Hi, ITC Community.
I am in K-12 education and often use examples from children’s literature. Because it brings some levity to the work, perhaps some of you in other fields will find this appealing as well.
In preparing my section on Big Assumptions at our Facilitators Training in July, I found myself thinking about some prior reading and writing that I had done on constructivism–and an example from the children’s book “Fish is Fish.” Here I share (1) a video version of the picture book, (2) a few talking points and (3) my prior writing to explain how it connects to constructivism (and constructing one’s own reality). I hope that it is helpful — and HOPE that others will also share resources that they find useful to illustrate key points in the mapmaking processes.
1. Fish is Fish video link: https://vimeo.com/39374062
2. Talking Points/Discussion Questions:
–Sometimes it can be easier to see a complex idea in something that is lighthearted and simple
–“What assumptions does the fish hold that limits his perception of reality?”
–“How is his world contracted?”
–“What is the danger in how his view of reality is limited?”
3. Prior Writing: “Constructivism, a psychological theory, was initially based on the research of Jean Piaget and Lev Vygotsky and continues to develop in the work of Jerome Bruner, Howard Gardner, and others. The constructivist approach to learning is further validated by the findings of How People Learn: Brain, Mind, Experience, and School (1999), an authoritative synthesis of research on learning that was jointly commissioned by the U.S. Department of Education and the National Science Foundation.
At its most basic, the constructivist theory of learning means that new knowledge must be constructed from existing knowledge. New knowledge is incorporated into one’s existing framework unless that framework is challenged. The children’s book Fish Is Fish by Leo Lionni provides a vivid and straightforward illustration of this core idea.
‘Fish Is Fish (Lionni, 1970) described a fish who is keenly interested in learning about what happens on land because it can only breathe in water. It befriends a tadpole who grows into a frog and eventually goes out onto the land. The frog returns to the pond a few weeks later and reports on what he had seen. The frog describes all kinds of things like birds, cows, and people. The books shows pictures of the fish’s representation of each of these descriptions: each is a fish-like form that is slightly adapted to accommodate the frog’s descriptions – people are imagined to be fish that walk on their tailfins, birds are fish with wings, cows are fish with udders. The tale illustrates both the creative opportunities and dangers inherent in the fact that people construct new knowledge based on their current knowledge. (Bransford et a, 1999, p.11)’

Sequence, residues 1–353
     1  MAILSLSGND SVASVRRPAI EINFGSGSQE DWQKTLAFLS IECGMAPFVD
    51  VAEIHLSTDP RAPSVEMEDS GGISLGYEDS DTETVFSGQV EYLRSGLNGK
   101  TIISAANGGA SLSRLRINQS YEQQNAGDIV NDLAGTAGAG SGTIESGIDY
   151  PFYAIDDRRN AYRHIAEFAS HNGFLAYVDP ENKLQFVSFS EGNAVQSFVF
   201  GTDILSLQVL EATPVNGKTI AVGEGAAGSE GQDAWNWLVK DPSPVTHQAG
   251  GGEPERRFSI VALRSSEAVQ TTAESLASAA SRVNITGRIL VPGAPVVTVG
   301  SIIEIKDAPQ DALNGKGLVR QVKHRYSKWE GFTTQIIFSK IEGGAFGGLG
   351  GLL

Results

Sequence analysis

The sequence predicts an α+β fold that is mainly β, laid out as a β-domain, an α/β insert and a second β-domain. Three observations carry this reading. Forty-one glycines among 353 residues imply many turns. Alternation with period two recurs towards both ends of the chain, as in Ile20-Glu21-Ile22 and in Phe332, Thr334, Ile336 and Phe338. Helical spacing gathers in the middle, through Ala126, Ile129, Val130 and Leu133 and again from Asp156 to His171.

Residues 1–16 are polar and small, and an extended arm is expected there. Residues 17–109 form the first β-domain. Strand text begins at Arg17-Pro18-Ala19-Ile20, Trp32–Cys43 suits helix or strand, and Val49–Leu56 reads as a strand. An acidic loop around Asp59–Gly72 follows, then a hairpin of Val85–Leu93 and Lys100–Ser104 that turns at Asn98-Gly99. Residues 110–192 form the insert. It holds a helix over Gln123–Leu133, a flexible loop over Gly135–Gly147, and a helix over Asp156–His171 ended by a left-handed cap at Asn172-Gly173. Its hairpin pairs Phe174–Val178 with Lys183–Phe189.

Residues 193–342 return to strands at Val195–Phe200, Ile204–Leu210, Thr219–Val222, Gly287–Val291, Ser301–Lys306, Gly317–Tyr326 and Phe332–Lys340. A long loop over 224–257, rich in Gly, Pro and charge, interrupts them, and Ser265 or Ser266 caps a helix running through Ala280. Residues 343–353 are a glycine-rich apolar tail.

While the story of Fish is Fish appears simple and childlike, the core tenets apply to learning at all levels and ages. Brooks and Brooks emphasize in The Case for Constructivist Classrooms (1999) that ‘…[w]e construct our own understandings of the world in which we live’ (p. 4). Those constructions can be misconceptions, incorrect, or incomplete, unless something challenges that construction, forcing the learner to reexamine their understanding. At ____, our instructional framework will ‘allow learners to explore and generate many possibilities, both affirming and contradictory’ (Fosnot 2005, p. 34).”